Trees of Britain and Ireland: The Strawberry Tree
Created | Updated Jun 29, 2014
The strawberry tree (Arbutus unedo) is a pretty special tree in Britain and Ireland. It's thought that it is the only tree to have remained here through the ice age, where it was able to survive in part of south-west Ireland which is now submerged, and was relatively mild at the time. This is interesting, when you consider that its favoured climate seems to be that found around the Mediterranean! For this reason, some hold the view that it is more likely to have migrated here after the last ice age ended. Even today it is found more often in the south of the UK, and more often in south-west Ireland.
The fruit of the tree is one of the main points of interest. They look vaguely like strawberries, hence the common name, but more like lychees. About an inch across, they are round, orange-red and pimpled. Although they are edible, they aren't considered much of a delicacy. The species name unedo derives from Latin meaning 'eat only one'. They do have some culinary uses, though. They can be used to make jam, and in Portugal, where the tree is common, there is a potent alcoholic drink made from them, known as 'aguardente de Medronho'.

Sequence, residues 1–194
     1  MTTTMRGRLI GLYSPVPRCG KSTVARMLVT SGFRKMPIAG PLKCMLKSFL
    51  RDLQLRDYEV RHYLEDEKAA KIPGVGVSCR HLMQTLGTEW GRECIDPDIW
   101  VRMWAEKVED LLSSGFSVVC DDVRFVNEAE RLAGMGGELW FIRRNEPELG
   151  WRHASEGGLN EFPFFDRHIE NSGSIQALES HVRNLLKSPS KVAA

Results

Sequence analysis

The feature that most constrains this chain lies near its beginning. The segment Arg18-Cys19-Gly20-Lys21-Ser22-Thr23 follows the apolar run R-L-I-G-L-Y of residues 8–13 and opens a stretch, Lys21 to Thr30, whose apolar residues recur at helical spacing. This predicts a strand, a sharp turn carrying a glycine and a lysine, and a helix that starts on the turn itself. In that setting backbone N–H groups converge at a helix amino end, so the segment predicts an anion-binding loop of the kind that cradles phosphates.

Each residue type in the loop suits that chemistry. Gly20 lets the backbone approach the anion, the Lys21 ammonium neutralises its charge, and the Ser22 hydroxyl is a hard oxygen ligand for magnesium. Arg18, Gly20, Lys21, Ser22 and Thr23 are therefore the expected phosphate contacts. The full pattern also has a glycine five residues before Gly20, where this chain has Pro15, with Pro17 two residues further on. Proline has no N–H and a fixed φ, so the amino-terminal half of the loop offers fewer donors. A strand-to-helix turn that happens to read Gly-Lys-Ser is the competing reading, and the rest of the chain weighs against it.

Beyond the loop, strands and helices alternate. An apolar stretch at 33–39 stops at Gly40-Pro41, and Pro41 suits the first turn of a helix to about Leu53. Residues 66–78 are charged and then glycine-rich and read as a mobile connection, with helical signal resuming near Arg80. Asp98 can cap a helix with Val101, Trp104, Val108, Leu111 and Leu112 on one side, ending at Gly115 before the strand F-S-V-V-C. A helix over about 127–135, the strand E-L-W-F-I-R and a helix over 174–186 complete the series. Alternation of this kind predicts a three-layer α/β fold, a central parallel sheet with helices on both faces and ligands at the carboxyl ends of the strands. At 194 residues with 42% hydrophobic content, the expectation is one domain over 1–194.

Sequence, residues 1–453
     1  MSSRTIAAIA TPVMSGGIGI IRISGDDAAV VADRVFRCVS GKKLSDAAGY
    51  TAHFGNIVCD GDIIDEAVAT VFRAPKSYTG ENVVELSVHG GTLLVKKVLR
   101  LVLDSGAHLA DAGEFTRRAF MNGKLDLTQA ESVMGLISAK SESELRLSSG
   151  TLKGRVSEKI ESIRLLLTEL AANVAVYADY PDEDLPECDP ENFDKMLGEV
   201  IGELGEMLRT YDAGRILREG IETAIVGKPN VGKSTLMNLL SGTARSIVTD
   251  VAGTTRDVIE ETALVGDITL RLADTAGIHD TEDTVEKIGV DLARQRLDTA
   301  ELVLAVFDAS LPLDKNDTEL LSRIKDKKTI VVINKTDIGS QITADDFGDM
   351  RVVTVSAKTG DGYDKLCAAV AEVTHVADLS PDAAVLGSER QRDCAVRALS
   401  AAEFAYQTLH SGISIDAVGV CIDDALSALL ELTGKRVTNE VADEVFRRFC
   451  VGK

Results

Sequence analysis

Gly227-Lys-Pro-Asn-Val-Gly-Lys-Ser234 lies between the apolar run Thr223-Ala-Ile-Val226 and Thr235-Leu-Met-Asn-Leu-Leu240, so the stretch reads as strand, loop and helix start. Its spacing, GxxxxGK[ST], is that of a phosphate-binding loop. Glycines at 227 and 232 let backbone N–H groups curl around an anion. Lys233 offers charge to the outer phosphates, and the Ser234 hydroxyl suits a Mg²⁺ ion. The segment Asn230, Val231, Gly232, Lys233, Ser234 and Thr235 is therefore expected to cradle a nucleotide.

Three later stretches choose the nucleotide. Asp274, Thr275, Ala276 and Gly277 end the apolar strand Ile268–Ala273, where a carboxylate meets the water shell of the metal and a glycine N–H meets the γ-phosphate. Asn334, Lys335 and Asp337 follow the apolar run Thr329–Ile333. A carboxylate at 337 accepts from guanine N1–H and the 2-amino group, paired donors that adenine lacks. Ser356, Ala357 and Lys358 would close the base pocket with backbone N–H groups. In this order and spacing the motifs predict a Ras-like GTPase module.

There is a saying here that if you can drink Medronho, you can drink anything! Lots of people (especially in the Monchique mountains of the Algarve where most of the wild strawberry bushes are) make their own versions in a still in the shed at the bottom of the garden so recipes do vary. The stuff you get in shops is different to the home-made stuff that most of the cafés and smaller pubs sell. The home-made stuff is about 100% proof and this gets served to tourists whenever they do a 'day in the country' or 'jeep safari' type of organised excursion where you get to meet the locals. It has an extremely strong, fiery and bitter taste which is mainly overshadowed by the immediate 'burn' on the way down. The taste comes afterwards. The nearest thing I can liken it to is a strong, home-made grappa in Italy.
- Experience of a Researcher living in Portugal.
Other animals seem to like the fruit more than humans, however. Birds are fond of it, and help to propagate the trees by spreading the seeds around. The Madrid coat of arms shows a bear reaching out to pluck the fruit from the tree.
Arbutus unedo has an unusual feature that makes it particularly attractive. The fruit take a whole year to ripen. This means that it is fruiting and in flower at the same time, as one year's fruit is becoming ripe as the next year's flowers emerge. The tree is also evergreen, so the leaves provide a bit of colour all year too.
The strawberry tree normally grows to around eight metres in height and spread, but the availability of smaller cultivated varieties (eg, 'Elfin King') means you can enjoy them in gardens, and not just the rocky slopes of Portugal!